In last year’s edition of this exercise, I started this section with the following sentence: The best team money can buy has a quarterback on a rookie contract. This year? Patrick Mahomes remains QB1 despite his historic extension. It just so happens that the decline in the salary cap also forced many teams to restructure contracts to lower 2021 cap figures. Mahomes is cheaper than Ryan Fitzpatrick and Joe Burrow. And honestly, that’s just the icing on the cake; Mahomes would be this team’s QB1 no matter what. He’s that valuable, regardless of the price tag. Still just 25 years old, Mahomes has already won a Super Bowl and MVP award, while averaging the most passing yards and touchdowns per game in NFL history.

then the tight ends — which included Rob Gronkowski behind Kelce and Kittle...

Stacking Kelce and Kittle makes this offense almost impossible to defend. In 2018, Kittle set an NFL record with 1,377 receiving yards at tight end. Last season, Kelce eclipsed that mark with 1,416 receiving yards in just 15 games. The Chiefs star outpaced every wide receiver outside of Stefon Diggs (1,535) in the category. Kittle missed eight games in 2020, but he still averaged 79.3 receiving yards per, good for second among tight ends behind Kelce (94.4). Kittle can provide elite receiving and run-after-catch ability, while also being a devastating run blocker. Gronkowski is a shell of his former self, but he can still contribute as a receiver (see: two touchdowns in Super Bowl LV) and as a blocker. Plus, a locker room with Kelce, Kittle and Gronk would be a happy one.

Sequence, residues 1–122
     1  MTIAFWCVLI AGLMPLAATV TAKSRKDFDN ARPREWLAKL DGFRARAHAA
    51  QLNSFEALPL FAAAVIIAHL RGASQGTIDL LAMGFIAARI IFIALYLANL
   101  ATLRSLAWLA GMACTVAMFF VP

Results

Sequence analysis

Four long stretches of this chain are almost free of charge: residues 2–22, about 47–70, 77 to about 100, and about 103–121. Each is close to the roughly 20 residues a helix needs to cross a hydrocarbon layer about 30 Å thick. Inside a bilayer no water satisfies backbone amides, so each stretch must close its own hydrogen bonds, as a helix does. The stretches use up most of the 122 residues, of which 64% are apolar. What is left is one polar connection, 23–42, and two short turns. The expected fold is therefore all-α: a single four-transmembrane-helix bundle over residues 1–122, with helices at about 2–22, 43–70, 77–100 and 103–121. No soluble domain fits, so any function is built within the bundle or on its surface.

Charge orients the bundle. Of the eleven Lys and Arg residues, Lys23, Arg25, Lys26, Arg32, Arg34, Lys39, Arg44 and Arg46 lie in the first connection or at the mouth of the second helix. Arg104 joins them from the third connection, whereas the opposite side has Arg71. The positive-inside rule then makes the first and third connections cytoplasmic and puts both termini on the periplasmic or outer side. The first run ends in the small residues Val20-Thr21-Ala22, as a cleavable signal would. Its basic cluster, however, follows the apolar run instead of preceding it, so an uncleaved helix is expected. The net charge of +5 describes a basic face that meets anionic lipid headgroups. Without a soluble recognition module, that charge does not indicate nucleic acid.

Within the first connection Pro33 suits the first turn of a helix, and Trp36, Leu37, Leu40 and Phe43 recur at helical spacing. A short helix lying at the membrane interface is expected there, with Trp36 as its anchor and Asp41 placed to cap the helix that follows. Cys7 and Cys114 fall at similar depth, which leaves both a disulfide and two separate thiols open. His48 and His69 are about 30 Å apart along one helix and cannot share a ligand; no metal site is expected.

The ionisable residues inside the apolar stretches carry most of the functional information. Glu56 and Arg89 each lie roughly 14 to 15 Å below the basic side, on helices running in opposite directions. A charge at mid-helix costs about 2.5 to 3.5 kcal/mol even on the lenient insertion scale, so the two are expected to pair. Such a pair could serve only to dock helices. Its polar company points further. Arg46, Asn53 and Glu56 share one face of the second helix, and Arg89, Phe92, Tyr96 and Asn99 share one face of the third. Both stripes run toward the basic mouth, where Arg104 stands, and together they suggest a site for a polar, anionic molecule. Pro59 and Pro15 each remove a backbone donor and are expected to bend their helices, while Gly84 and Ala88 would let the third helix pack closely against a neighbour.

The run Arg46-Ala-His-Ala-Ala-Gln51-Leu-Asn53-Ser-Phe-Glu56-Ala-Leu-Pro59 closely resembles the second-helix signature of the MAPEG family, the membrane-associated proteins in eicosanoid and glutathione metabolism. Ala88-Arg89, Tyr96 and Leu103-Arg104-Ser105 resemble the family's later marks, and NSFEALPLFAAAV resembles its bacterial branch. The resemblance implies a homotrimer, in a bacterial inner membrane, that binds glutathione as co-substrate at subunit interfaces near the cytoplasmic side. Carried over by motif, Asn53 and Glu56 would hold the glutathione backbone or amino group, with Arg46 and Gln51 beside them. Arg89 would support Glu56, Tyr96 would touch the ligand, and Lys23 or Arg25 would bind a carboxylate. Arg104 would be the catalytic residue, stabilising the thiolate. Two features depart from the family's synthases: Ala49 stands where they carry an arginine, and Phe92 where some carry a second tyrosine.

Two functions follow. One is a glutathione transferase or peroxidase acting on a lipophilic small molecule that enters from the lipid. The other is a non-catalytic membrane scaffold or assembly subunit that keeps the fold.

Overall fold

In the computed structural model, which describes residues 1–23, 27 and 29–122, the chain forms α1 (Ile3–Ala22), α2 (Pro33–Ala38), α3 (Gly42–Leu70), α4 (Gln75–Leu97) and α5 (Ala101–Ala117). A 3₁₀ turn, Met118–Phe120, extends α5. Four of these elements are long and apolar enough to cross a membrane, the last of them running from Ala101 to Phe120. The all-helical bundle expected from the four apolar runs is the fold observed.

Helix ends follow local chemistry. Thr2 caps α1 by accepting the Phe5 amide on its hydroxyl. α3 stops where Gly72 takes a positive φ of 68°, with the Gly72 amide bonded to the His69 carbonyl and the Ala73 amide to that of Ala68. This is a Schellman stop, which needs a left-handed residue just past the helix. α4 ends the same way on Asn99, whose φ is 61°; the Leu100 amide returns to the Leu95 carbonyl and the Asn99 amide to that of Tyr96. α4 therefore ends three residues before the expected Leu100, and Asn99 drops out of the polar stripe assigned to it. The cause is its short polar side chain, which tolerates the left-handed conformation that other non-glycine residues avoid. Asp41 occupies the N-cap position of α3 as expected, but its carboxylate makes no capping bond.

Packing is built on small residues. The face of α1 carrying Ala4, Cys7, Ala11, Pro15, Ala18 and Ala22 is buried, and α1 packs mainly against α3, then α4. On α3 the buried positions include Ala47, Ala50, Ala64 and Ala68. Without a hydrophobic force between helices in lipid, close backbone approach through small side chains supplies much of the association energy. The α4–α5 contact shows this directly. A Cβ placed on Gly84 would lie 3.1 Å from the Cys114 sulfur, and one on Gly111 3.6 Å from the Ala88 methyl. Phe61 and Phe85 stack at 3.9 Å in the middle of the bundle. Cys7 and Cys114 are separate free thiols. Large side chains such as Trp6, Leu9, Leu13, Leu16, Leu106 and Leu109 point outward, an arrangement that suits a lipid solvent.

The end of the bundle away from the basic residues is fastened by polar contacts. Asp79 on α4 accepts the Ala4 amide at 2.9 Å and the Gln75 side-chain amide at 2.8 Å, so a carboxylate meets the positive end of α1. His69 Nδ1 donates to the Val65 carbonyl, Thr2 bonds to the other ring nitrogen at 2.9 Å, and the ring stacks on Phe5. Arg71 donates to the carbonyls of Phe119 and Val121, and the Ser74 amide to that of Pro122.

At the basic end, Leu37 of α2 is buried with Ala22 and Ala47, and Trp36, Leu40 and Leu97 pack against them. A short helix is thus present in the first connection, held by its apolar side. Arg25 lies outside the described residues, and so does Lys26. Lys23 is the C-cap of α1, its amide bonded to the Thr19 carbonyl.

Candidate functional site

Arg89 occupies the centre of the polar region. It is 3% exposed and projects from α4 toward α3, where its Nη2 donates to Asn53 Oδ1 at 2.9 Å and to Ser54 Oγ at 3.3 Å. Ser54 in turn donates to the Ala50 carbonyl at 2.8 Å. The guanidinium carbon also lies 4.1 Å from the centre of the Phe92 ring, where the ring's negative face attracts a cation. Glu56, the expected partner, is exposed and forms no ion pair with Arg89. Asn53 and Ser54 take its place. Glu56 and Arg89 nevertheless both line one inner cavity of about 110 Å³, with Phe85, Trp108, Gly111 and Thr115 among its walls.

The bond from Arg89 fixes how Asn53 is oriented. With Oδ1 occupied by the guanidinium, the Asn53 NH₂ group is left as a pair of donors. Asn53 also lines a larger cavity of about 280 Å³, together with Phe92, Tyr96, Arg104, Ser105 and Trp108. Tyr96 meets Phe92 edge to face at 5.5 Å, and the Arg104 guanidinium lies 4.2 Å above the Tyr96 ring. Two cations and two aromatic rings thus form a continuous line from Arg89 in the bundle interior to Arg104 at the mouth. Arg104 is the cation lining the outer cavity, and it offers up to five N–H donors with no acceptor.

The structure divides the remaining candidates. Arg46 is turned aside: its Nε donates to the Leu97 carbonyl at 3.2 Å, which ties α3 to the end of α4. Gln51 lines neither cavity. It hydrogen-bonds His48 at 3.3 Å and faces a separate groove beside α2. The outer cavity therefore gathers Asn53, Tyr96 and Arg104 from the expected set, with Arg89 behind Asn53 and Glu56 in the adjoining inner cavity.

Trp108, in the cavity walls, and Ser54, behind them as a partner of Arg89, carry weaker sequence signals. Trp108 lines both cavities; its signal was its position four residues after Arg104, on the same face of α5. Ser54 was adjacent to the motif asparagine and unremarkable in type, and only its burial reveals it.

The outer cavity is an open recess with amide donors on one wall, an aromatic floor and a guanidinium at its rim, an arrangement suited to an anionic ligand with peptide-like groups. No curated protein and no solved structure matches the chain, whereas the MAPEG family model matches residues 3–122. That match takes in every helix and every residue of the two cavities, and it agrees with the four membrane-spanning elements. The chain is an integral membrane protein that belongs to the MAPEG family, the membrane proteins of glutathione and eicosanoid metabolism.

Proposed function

the offensive linemen...

Williams just became the highest-paid offensive lineman in NFL history, but he comes with a very manageable Year 1 cap hit. Since 2012, the only season he missed the Pro Bowl was 2019, the year he did not play. In his first campaign with the 49ers, Williams was Pro Football Focus’ highest-graded offensive tackle. Now a Pro Bowler at both tackle positions, Brown goes back to his undesired RT position on this roster. Getting Thuney, the NFL’s highest-paid guard and another Chiefs offseason acquisition, for $4.5 million made filling the LG spot an easy proposition.